As my business started to develop I had to make some changes to my business model. This was very scary as I worried that the decisions I needed to make might not please some people. I had always been very accommodating and shifting away from this was tough. Sometimes it continues to be a challenge but I have found that much of my worry is generally unfounded. Accepting that it is impossible to make everyone happy has been an important mindset shift.

What makes you happy?

Spending time with my family.

Have you had to make any sacrifices whilst running your business? If so, what are they?

No, I don’t think I have made sacrifices. I love what I do and this work energises me. For sure I work extremely long hours at times (often when everyone else is sleeping) but having my own business is a choice and one I am grateful to have made. Spending this time on my work is satisfying and is an investment in the work I do today will pay off tomorrow.

Where do you see yourself and your business in 2-5 years?

I am launching a new, exciting venture very soon that will help me reach more mums and dads to help them parent from a calmer, more connected place. Supporting parents is the work that truly brings me joy.

What book has inspired you the most? (OR What is your favourite book?)

I love Brene Brown’s work in helping embrace our vulnerability and encouraging us to lean into discomfort. As a business owner, psychologist and parent, it’s liberating (albeit terrifying) to try to embrace this vulnerability and discomfort.

Brene Brown’s – The Gifts of Imperfection: Let Go of Who You Think You’re Supposed to Be and Embrace Who You Are

How do you measure your success in business?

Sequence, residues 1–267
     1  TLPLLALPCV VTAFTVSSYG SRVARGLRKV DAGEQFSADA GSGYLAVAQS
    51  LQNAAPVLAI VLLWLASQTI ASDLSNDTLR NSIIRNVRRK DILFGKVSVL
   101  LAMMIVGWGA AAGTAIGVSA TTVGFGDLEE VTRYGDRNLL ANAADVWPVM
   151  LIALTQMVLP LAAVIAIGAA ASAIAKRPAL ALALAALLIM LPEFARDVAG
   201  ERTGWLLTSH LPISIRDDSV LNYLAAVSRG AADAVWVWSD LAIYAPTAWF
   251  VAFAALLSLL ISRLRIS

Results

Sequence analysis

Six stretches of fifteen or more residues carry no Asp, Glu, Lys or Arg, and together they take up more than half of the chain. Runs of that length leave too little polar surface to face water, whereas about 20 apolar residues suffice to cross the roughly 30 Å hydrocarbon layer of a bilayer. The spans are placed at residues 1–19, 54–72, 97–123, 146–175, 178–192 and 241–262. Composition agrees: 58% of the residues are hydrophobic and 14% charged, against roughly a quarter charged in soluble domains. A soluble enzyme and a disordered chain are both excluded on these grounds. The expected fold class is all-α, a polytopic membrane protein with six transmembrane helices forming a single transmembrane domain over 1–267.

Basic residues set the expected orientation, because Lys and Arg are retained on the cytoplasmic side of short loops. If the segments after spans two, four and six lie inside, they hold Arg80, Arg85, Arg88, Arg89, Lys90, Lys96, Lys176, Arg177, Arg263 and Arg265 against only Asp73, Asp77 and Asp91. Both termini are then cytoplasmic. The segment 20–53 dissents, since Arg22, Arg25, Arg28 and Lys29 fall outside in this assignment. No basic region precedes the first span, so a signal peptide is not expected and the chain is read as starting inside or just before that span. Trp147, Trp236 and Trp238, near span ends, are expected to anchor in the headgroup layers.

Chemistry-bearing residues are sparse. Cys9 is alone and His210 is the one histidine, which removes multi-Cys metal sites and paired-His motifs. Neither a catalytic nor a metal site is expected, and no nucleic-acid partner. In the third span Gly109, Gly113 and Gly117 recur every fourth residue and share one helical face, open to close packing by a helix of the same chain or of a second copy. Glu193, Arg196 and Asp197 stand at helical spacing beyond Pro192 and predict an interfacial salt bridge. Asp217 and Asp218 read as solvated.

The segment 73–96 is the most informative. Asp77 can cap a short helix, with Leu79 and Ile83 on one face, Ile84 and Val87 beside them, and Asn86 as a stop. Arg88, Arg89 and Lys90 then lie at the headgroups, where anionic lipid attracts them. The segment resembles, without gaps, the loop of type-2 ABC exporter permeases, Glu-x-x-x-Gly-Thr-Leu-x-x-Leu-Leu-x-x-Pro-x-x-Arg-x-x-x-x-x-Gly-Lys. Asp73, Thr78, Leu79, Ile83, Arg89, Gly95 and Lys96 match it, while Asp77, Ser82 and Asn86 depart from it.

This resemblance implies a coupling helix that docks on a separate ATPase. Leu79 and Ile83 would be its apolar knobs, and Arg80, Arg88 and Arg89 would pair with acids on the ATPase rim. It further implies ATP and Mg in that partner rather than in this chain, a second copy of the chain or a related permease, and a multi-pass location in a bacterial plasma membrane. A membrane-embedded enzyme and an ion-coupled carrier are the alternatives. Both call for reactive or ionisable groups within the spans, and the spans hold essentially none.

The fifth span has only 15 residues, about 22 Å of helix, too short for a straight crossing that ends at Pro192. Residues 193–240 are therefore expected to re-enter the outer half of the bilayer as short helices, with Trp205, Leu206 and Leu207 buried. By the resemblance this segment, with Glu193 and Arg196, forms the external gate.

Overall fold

Am I feeling satisfied, joyful and energised? If so, then I am being successful in my business. Are the data and statistics telling me we are helping more individuals and that my team are happy? If so, then I am being successful in my business.

Where is your dream destination to go for a holiday and why?

Anywhere with warm weather, a gorgeous beach and someone else to cook.

What is your favourite inspirational quote you would like to share with other WBS members?

“Strive for progress, not perfection” This is something I regularly have to remind myself of so I don’t get stuck.

What are your top 5 business tips?

1. Learn from those who are a few years ahead in their business of where you want to be in yours. This may see you join a mastermind group or invest in a business coach.

2. Plan, plan, plan. Quarterly plans addressing the various aspects of your business keep you focused and help you get the important things done without unintentionally neglecting any area of your business.

3. Consult with your team and get their buy-in, but ultimately this is your business and you are the one who will be there for the long haul. Make decisions based on what you want.

4. Step outside your comfort zone. This is where the learning and growth happens. However, if you venture too far away from your comfort zone you will reach a place of panic and overwhelm – so take care and reflect often.

5. Dream big – you just never know what might happen.

Why did you become a WBS Member?

I love talking with women who are equally as passionate as I am about their businesses. It’s wonderful to connect with other women so we can support each other through challenges as well as celebrate triumphs together.

Connect with Jessica

Jessica Cleary

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Website